Coastal Chanthaburi is maybe the most bicycle-friendly part of Thailand? On the mainland roughly between Koh Samet and Koh Chang the coast road has been developed with brad new red-colored cycle lanes on each side. Sure they still get used at times by slower motorbikes, but the colored lanes, the signposting – and how about that ‘bicycle parking’ – is a big step up from anywhere else I’ve been riding in Thailand. Cycle-friendly indeed. There’s plenty of cyclists in this area of Thailand; lots of active ‘mature’ Thais out on bikes, a mix of road/race bikes and big frame MTBs with road tires, groups from Chantaburi Burapha University, mix of male and female, and also a University MTB group we’ve seen heading into the surrounding hills.
We’ve been at the bus station in Chanthaburi city (30km to Chao Lao) and seen people coming/going with their bikes on the bus, nice weekend away for low-key touring, a backpack and some good accommodations at Chao Lao for 500b a night, less if you just want a fan room and no air conditioning. For more low-key riding, several of the beach resorts rent bicycles by the day/hour. The best I’ve seen is from the store in Chao Lao with the ATM machines and gas station; about three months ago they bought eight new MTBs for hire.
Apart from the cycle-lane roads there are so many other routes with little traffic and good scenery, all that’s missing are hills if that’s what you want, it’s basically flat and changing gears doesn’t happen too often, best hill is a small, steep one at the south end of Chao Lao beach.
Things to see along the way
Laem Sing – small coastal fishing village. There is accommodation here, some seaside restaurants, and an ATM machine.
Laem Sing beach – many kilometers of white sand beach, isn’t the best for swimming May-October (especially the northern end) as too close to the river mouth and tends to be brown from silt carried down the river.
Kuk Khi Kai – built by the French Army in 1893 when this was French occupied territory and used to imprison Thai rebels; known as ‘chicken dung cell’ as chickens were kept on the grated roof above the prisoners.
Tuek Daeng – ‘the red building’ was once French military barracks, later used as a library/museum now locked up and unused.
Laem Sing (Great King Taksin or Taksin Maharat) Bridge – opened May 2008, before then it was either ferry across or a 60km drive; good views on a clear day inland towards the hills of Namtok Phlio National Park in the distance.
Chaopho Laemsing Shrine – Chinese shrine about 400m west of the northern end of the bridge.
Over the bridge and continuing north along the coast, options to turn left to Ao Yang and or Ao Krathing, two secluded bays with safe swimming beaches. There is cheap accommodation at Ao Krathing and Ao Yang, 400b per night. Other than that, the next 10km or so is a simple road, all-flat, along the coast, 20-50m from the sand. Easy to spot the two temples on top of the few hills in the area, both about 1km inland; one is a 240-step climb and unfortunately what would once have been a fantastic view is now mainly obscured by trees. The second is still under construction, the golden Buddha is visible from a long way off, and a road leads almost to the top of the hill, good views of the coast and surrounding countryside.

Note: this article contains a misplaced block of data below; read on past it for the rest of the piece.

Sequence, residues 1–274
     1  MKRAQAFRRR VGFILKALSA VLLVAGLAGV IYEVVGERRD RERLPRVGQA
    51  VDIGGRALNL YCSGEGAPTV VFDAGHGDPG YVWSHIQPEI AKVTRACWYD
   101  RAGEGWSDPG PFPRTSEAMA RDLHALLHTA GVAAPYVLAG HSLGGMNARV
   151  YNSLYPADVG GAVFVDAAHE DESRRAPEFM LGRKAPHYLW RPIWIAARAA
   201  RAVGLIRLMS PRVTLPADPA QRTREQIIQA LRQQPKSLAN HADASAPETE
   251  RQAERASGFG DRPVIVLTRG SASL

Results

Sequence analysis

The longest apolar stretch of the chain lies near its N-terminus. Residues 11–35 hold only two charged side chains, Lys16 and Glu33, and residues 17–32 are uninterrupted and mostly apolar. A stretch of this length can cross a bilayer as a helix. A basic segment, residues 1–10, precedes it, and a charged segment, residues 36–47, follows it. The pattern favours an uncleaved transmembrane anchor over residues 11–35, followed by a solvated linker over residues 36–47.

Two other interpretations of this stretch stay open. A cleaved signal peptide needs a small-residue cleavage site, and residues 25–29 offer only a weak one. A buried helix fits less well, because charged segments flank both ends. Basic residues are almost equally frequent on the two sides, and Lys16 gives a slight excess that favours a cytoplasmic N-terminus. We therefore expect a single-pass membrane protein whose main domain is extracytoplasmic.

Back on the main road and you’re at Pak Nam Khaem Nu and the site of the second recently built bridge, which will take you over the hill to the south end of Chao Lao beach. At the south side of the bridge is a new rest area and site of the ‘bicycle parking area’ – nice spot at the river mouth to take a break in some shade. Another option is to head inland from here to Tha Mai – 12km, and another 12km from there to Chanthaburi city.
Over the bridge heading north, at the end of the bridge you’ll see a beached boat that has been converted to a cafe, and a road that heads off to the right, following the river to Khlong Khut and Burapha Chanthaburi University campus (about 10km).
Better to follow the marked cycle lanes, turn left towards the river mouth and over the hill, a tight right-hand corner and the steepest hill on the coast road, for me using my lowest gear. About 50m before reaching the flat road there’s a track down to the left that gives access to a reef and a reasonable snorkeling area for beginners when conditions are good. Chao Lao beach is 5.5km long. Plenty of accommodation here if you choose to stay. Fan rooms advertised from 300 baht. This area is very popular with Thais, especially on weekends and school holidays. Halfway along the main road there’s a big general store next to the gas station, two ATMs, chalet accommodation for 500/night.